Molt agrees that all of the days on which each of the two judges heard argument on the motions must be excluded, but contends that only one 30 day period may be excluded as the period when a proceeding (the motion) "is actually under advisement." 18 U.S.C. § 3161(h)(1)(G) (1976). The appellant argues that to exclude 30 days for each of the motions would be the same as granting 60 days when a single judge heard both. The Government does not exclude twice those days during which both judges had the motions under advisement, but it does exclude more than 30 days.
Such a narrow construction is not required by the language of the Act, nor is it consistent with the Act's intent. It is unlikely that a complex case like this, with motions affecting the disposition of multiple indictments being heard separately by
Molt's second substantial disagreement with the Government over computation of elapsed time is the Government's exclusion under section 3161(h)(8)(A) of the period of a continuance during which Judge Ditter was considering the suppression motion. On December 15, 1977, Judge Ditter filed a "Report of Speedy Trial" stating that "trial in case cannot commence until 1/15/78 re: Motions Outstanding. The Court finds the ends of the justice served by granting continuance outweigh the best interest of the public and defendant in a speedy trial." Molt argues that Judge Ditter's continuance failed to satisfy the requirements of that section in that the judge did not set forth "in the record of the case," 18 U.S.C. § 3161(h)(8)(A) (1976), his reasons why the ends of justice were served by the continuance. Judge Ditter did set forth reasons, but only in the record of the disposition of the indictments directly before him. Molt claims that because those reasons were not included in the record of the disposition of the indictments before Judge Becker, they were not "in the record of the case" and so the exclusion of the period was improper.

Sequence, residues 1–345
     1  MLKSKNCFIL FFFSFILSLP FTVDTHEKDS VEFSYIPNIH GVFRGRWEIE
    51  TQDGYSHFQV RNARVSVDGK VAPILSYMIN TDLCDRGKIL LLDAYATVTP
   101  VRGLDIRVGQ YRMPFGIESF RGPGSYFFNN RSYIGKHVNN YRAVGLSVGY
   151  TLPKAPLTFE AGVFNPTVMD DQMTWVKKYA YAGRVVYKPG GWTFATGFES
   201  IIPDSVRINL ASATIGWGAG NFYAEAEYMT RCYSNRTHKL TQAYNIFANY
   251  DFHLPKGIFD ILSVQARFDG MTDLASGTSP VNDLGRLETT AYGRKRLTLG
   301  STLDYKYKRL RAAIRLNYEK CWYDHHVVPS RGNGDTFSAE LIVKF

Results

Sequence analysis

Appellant's contention fails for several reasons. First, the wording of the provision is not so clear as to foreclose the conclusion that the provision was satisfied because the "case" is the same. Judge Ditter's matter involved the same defendant, Molt, and stemmed from the same broad scheme, as are involved in the indictments now before us. Further, Molt and the Government had previously agreed that Judge Ditter's decision was binding as to the issue of suppression on all other trial judges in the district court trying the various Molt indictments. As to the suppression issue, Judge Ditter had the only "case." Second, Molt admits that both the actual days when Judge Ditter heard argument on the motion and the period when the Government appealed his decision were properly excluded. His argument that a continuance granted in adjudication of the same motion cannot be excluded is inconsistent with those exclusions. Third, if the time is not excluded, the ends of judicial economy will not be served. Each judge would have to consider the same issue in order for each to make the time spent in consideration of the motion excludable. Fourth, we believe Congress in drafting this provision could only have required reasons for continuances so that those reasons could be reviewed. This court has those reasons in the record of the prosecution of the indictments before Judge Ditter. If the validity of the merits of the continuance, as opposed to the validity of the technical form, were challenged, those reasons would have been available for review. Thus the intent of the provision is satisfied. Therefore, we conclude that the Government was correct in excluding the period of Judge Ditter's continuance.
Because we have rejected Molt's computation of the number of days to be excluded where it conflicts with the computation of the Government, we must also reject his assertion that more than 120 non-excludable days have elapsed between indictment and trial. Accepting the Government's computations, we conclude that the time allowed under the Speedy Trial Act had not
We have also carefully considered each of the remaining contentions urged by the appellant and find them without merit:
Accordingly, the judgment of the district court will be affirmed.